Uninsured Drivers

Even though there are laws protecting those of us that are insured from them, uninsured drivers are everywhere. Not only are they a higher danger to us on the road, they are also one of the causes of our increased auto premiums. Because a driver that is not insured has no insurance company to pay for the damages that they cause, the victim’s uninsured motorist or collision coverage has to pick up the bill. This uncompensated claim payout then is spread out through all of that insurance companies customers for them to pay for in the form of higher premiums. Statistically some states have higher numbers of uninsured motorists driving up insurance premiums.

State by State Case (2017 updated)

While the insurance premiums can even vary within a specific state due to all of the above factors, there isn’t the room or the time to cover every single town and city across the nation. So instead we have provided the chart below for you to compare where your state stands in average premium rates.

National average $1,318
1 Michigan $2,394
2 Louisiana $1,921
3 Connecticut $1,897
4 Rhode Island $1,848
5 Florida $1,840
6 DC $1,696
7 California $1,673
8 Wyoming $1,538
9 Delaware $1,526
10 Texas $1,506
11 Oklahoma $1,476
12 Georgia $1,440
13 Arkansas $1,409
14 New Jersey $1,375
15 West Virginia $1,369
16 Kentucky $1,365
17 New York $1,352
18 Colorado $1,351
19 Arizona $1,348
20 Nevada $1,342
21 Maryland $1,327
22 Mississippi $1,326
23 Pennsylvania $1,313
24 Oregon $1,308
25 Hawaii $1,294
26 North Dakota $1,291
27 South Carolina $1,286
28 Massachusetts $1,242
29 Minnesota $1,241
30 Alabama $1,226
31 Montana $1,217
32 Washington $1,216
33 New Mexico $1,201
34 Kansas $1,192
35 Tennessee $1,186
36 Illinois $1,159
37 Wisconsin $1,154
38 Alaska $1,132
39 New Hampshire $1,124
40 Nebraska $1,112
41 Missouri $1,107
42 Utah $1,068
43 South Dakota $1,058
44 Virginia $1,040
45 Indiana $1,021
46 Iowa $1,017
47 North Carolina $1,010
48 Vermont $948
49 Idaho $942
50 Ohio $919
51 Maine $864


Most Expensive States , Least Expensive States (2011 data)

Most Expensive States

1. Michigan, $2,541

2. Louisiana, $2,453

3. Oklahoma, $2,197

4. Montana, $2,190

5. Washington, D.C., $2,146

6. California, $1,991

7. Mississippi, $1,896

8. New Mexico, $1,896

9. Arkansas, $1,836

10. Maryland, $1,807

11. North Dakota, $1,794

12. Connecticut, $1,786

13. Rhode Island, $1,747

14. Wyoming, $1,714

15. Hawaii, $1,707

16. South Dakota, $1,707

17. Georgia, $1,670

18. New Jersey, $1,663

19. West Virginia, $1,633

20. Kentucky, $1,629

21. New York, $1,627

22. Minnesota, $1,614

23. Washington, $1,584

24. Missouri, $1,563

25. Indiana, $1,518

26. Colorado, $1,508

Least Expensive States

1. Vermont, $995

2. South Carolina, $1,095

3. Maine, $1,126

4. Wisconsin, $1,128

5. Tennessee, $1,146

6. Ohio, $1,152

7. North Carolina, $1,154

8. Iowa, $1,179

9. Virginia, $1,237

10. Utah, $1,272

11. Arizona, $1,280

12. Illinois, $1,290

13. Nevada, $1,300

14. Oregon, $1,306

15. Alabama, $1,306

16. Idaho, $1,325

17. Massachusetts, $1,328

18. New Hampshire, $1,334

19. Alaska, $1,454

20. Kansas, $1,461

21. Pennsylvania, $1,468

22. Nebraska, $1,470

23. Florida, $1,476

24. Delaware, $1,489

25. Texas, $1,492

Data courtesy of

How to Cancel Auto Insurance

Written by Michele Wilmonen. Posted in Research Last Updated: 03/27/2011

What you need to do before you cancel your auto insurance, dealing with the left over billing and finally cancelling your policy.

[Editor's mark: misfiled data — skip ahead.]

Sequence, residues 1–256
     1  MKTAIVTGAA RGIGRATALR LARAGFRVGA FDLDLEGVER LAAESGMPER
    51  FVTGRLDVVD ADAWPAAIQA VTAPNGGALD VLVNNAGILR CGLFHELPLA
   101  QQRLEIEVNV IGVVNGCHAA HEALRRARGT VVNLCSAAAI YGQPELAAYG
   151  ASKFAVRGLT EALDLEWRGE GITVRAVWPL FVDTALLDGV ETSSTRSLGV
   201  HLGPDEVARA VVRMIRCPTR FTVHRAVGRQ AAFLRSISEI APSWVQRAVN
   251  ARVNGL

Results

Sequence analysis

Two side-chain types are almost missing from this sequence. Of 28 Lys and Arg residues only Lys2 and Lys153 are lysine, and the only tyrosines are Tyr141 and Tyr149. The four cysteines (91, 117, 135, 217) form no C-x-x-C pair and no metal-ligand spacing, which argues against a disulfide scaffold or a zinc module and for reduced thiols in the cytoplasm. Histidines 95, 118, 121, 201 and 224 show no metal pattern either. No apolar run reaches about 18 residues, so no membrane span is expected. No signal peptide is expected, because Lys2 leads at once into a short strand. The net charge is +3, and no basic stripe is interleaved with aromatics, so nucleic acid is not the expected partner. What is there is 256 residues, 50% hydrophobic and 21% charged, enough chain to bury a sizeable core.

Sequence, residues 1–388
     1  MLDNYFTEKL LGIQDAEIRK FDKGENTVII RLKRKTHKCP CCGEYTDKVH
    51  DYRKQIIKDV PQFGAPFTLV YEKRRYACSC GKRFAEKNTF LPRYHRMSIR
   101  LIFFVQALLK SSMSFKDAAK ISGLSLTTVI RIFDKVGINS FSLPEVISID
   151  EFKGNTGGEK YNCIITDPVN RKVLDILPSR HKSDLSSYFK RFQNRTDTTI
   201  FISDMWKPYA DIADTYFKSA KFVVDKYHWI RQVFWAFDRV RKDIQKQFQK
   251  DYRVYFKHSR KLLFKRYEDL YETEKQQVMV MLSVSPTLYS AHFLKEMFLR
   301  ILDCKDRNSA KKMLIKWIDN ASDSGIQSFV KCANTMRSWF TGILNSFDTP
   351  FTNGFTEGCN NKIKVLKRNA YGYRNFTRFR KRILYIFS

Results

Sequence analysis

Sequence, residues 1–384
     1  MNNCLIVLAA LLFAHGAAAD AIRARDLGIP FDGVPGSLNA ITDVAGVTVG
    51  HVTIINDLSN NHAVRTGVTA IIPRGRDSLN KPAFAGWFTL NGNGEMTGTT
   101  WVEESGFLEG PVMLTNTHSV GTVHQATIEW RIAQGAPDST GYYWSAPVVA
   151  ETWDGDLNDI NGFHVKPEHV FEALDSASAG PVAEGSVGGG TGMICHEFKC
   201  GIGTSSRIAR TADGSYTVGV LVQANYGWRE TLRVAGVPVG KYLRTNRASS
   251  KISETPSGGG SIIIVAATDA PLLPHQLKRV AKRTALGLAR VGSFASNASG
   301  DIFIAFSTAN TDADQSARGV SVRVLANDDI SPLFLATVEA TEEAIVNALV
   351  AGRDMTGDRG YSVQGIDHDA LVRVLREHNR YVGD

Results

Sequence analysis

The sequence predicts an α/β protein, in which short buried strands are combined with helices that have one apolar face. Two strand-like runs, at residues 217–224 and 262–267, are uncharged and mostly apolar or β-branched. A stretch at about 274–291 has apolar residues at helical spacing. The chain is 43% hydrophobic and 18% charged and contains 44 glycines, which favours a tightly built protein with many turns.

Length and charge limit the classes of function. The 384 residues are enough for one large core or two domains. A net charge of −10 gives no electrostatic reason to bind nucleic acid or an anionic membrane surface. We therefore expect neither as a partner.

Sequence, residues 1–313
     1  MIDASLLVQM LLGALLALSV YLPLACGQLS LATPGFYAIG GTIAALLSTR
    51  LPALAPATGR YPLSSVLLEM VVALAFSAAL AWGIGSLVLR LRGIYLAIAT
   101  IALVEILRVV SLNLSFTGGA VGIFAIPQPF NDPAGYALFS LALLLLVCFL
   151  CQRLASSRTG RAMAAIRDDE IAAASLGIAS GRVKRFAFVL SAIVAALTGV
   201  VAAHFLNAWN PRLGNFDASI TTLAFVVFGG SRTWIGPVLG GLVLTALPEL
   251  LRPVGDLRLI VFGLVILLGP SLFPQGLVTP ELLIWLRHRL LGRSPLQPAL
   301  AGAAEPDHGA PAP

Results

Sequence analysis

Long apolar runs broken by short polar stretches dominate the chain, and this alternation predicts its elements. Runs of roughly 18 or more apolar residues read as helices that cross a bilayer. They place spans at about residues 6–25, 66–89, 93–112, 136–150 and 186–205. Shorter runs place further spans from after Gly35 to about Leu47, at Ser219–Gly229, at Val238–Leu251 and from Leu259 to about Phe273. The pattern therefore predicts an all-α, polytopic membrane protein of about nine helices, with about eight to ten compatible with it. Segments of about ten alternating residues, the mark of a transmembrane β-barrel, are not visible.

A Cancelled Policy

Before cancelling your old policy, get new coverage in place.

Regardless of how long you have been with an insurance company, there comes a time that it is just better to say goodbye and to part ways. It could be because you are tired of paying such high insurance premiums.

It’s possible that the customer service you have had to deal with recently is not exactly friendly. No matter what your reason may be, you are not obligated to stay with your insurance company. But, before you cancel your policy for greener insurance pastures, there are certain steps in how to cancel auto insurance.

Shop Around Before you Cancel

If you are getting ready to blow a fuse due to the conversation that you are in the middle of with one of your insurance company’s rude call center agents, summon all of the strength you have left and refrain from yelling out, “Cancel my policy right now!” Instead calmly finish the conversation, hang up the phone and immediately start shopping around for a new policy.

Have a copy of your policy in front of you so that when you are getting quotes you can make sure that you are getting the price for the same exact coverage that you have now. If you don’t know your coverages, you may be getting a cheaper quote from a different company because they are quoting for less coverage. Also ask around to friends to see who they are insured with and find out what their customer service and claims experience have been like with their companies.

Settle the Billing Before you Cancel

Go back to your insurance company or agency and find out how your billing is set up.  If you are a “full pay” customer, you are paid in full until your policy comes up for renewal. If you are on a “two pay plan” or a “monthly payment plan” your insurance could be paid up to any date of your current policy term. If your insurance company or agent cannot tell you exactly what day you are paid up until; at least find out if you are paying ahead or behind on your policy.

Knowing when you are paid up until will help you decide when to cancel your insurance policy. You can opt to have the new policy start when the old policy expires instead of renewing it or if you want to leave the company right now, knowing that you are paying behind will prepare you for getting a bill for coverage up to your cancellation date.